3) CSS Galleries – If you have a half decent designed site, these are practically 100 free links. And if your site looks like crap, then a redesign is long overdue (did I just tell you to redesign your site to get links? Yep).

4) Images – There are SO many things you can do with images to build links. A client & I just came up with a brilliant strategy (might talk about it on my blog in the future) that utilizes them for close to the majority of all of their link building. Actionable thing you can do right now – create awesome images (just like a blog content strategy) and reach out to bloggers & let them know they’re ripe for the taking to embed in their posts.

5) Reverse engineered strategies – Find something that worked (i.e. a badge strategy), but is now outdated. For example, see an extremely successful infographic from 2007 with old numbers? Recreate it! add new data & make it even better, then reach out to everyone who hosted the old infographic’ they’ve already proven they’ll host it.

Question #5: Google over-optimization penalty, negative SEO and many link building fuss  – What is your take on this? Should link builders panic with such buzz that Google is taking a closer look on websites and link profiles?

Jon Cooper answered:

I’m a little scared about Negative SEO, but I think there’s only a small chance I’ll run into it with clients. And with the over-optimization penalty, I’m not sold as to this being huge – if you build a ton of low quality, spammy links, then yeah, be afraid, but if you’re doing it the way white hats like me tell you to do it, then don’t worry about it. This doesn’t concern us.

And that’s how it should be; you should look forward to updates in Google. That’s the beauty of going white hat. 

Question #6: I read your post “What Link Building might look like in 2014“ and I agree on the fact that automation tools can destroy a link building method just like Infographics – visual.ly, directory submitter software and even article marketing software. How do you see link building 5 years from now? What link building methods will still exist (considering that it’s hard to automate it).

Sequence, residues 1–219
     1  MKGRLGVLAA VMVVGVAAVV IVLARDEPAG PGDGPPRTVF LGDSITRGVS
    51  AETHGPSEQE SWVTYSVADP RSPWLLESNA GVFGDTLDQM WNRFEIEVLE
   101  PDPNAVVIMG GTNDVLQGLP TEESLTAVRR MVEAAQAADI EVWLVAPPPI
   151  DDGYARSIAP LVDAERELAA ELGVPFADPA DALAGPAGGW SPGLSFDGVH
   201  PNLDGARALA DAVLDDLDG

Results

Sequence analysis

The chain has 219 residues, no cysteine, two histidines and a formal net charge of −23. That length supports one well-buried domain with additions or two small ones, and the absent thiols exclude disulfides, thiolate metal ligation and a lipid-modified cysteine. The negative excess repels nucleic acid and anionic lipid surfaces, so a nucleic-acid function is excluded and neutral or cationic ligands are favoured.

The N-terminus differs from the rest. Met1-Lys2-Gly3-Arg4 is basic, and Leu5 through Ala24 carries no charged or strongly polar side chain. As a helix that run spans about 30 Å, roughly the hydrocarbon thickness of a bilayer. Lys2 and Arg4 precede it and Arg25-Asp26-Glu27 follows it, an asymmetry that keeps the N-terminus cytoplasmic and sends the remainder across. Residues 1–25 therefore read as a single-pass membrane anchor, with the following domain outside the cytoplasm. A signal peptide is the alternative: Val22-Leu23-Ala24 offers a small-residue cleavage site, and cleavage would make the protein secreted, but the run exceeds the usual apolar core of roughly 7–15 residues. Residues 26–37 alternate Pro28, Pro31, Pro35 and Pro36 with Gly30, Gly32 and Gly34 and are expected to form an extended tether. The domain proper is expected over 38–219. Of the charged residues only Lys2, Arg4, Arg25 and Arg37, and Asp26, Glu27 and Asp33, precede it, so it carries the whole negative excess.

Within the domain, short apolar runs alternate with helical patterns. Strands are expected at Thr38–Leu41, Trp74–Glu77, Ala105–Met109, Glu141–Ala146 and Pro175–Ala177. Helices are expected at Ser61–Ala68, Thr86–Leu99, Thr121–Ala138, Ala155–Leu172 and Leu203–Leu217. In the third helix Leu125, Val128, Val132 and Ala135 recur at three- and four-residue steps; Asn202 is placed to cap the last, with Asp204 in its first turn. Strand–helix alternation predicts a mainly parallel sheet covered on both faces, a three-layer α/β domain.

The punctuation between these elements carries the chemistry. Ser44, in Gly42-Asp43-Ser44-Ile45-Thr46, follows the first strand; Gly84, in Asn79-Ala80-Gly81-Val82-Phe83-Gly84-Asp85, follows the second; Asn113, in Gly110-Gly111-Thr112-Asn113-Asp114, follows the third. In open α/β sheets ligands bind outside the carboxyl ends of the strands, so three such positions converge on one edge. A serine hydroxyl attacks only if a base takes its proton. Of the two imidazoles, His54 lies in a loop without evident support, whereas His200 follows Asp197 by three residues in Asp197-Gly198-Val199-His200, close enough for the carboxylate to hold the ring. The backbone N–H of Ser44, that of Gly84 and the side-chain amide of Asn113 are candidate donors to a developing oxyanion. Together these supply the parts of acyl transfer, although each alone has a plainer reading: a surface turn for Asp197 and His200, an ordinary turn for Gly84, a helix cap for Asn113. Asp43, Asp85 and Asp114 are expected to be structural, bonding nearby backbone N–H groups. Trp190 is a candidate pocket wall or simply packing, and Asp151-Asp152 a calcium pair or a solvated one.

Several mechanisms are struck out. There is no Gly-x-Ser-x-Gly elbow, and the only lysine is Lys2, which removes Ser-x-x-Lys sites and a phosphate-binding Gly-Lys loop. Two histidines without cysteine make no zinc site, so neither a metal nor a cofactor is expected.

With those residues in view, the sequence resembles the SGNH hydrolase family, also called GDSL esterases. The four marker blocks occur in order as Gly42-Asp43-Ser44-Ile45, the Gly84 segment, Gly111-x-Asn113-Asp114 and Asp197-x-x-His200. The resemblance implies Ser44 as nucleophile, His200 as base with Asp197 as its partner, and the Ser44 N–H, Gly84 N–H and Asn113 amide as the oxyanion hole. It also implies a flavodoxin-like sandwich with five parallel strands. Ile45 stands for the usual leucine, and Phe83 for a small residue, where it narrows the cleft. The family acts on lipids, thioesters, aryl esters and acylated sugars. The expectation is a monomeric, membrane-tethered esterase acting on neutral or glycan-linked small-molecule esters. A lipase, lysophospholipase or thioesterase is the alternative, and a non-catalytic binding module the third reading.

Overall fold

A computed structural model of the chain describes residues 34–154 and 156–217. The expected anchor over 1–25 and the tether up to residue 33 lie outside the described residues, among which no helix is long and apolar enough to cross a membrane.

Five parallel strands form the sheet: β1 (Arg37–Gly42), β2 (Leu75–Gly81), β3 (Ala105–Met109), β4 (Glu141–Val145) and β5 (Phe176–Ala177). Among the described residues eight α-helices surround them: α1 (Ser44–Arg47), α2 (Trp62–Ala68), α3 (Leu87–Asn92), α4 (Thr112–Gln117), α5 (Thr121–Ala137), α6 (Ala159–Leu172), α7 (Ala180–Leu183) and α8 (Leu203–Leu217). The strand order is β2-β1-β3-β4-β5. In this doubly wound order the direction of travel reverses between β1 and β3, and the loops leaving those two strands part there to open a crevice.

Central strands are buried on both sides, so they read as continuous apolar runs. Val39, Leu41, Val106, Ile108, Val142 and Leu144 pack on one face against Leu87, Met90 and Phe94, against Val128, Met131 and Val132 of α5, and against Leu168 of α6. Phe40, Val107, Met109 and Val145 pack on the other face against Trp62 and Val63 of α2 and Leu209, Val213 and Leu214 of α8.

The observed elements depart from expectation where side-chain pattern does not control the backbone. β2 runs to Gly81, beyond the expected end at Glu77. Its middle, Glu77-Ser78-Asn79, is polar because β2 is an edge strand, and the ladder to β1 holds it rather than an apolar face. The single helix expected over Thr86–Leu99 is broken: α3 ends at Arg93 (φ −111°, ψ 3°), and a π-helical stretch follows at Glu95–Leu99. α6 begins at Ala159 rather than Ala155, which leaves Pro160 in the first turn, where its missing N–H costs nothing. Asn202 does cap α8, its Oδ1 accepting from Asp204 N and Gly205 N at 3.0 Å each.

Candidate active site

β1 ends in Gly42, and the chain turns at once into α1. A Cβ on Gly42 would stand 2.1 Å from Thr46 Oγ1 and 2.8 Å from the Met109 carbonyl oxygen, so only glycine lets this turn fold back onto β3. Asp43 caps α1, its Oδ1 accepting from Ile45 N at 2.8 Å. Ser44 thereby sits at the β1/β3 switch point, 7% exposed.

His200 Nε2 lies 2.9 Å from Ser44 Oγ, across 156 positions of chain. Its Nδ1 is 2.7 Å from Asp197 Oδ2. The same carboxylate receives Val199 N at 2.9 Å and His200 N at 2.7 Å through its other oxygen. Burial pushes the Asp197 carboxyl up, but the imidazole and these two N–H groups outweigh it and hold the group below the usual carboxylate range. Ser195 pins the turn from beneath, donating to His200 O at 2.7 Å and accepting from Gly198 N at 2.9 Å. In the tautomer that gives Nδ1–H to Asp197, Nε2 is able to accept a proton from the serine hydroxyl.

Jon Cooper answered:

The point I was trying to make in the post (I know, didn’t come off as the main point as I intended) is that the end point is changing. For the last 14 years, link building was determining how you could get to point A (higher search rankings). The different routes you took were the strategies you used. Going forward, you’re going to be aiming for a different point or end goal: higher traffic & sales. Why? Search engines are changing rapidly, and the reward for ranking 1st diminishes as CTR dramatically drops when there’s tons of paid ads and fancy markup all around your listing. Those big fat blue title links won’t be in charge of the search real estate like they used to be. As a result, we’ll have to make up for the drop in search traffic by trying to build links that directly send traffic & sales. For example, when’s the last time you slaved over trying to get a link in a relevant newsletter, and compare that with the last time you tried to land a big time link (i.e. trying to get mentioned in a news outlet). Chances are you’re going to say you can’t remember when you did the first, and the second happened just yesterday.

The newsletter link is just an example. We’ll still be building links, but for different reasons. In that example, you just got a link in front of a large, highly targeted audience, which directly sends you traffic & sales, and aren’t those the end goal that Search is trying to deliver?

Thanks a lot Jon! Appreciate your answers man :)

You can follow Jon Cooper on Twitter @pointblankseo or read his blog pointblankseo.com

 jon-cooper

 

About

Jayson Bagio is the lead strategist of SEOteky. A digital marketing team from Manila, Ph who specializes in content marketing and link building. Get in touch with him using the contact form on the side or by visiting the about page. You can also follow him on twitter & google+.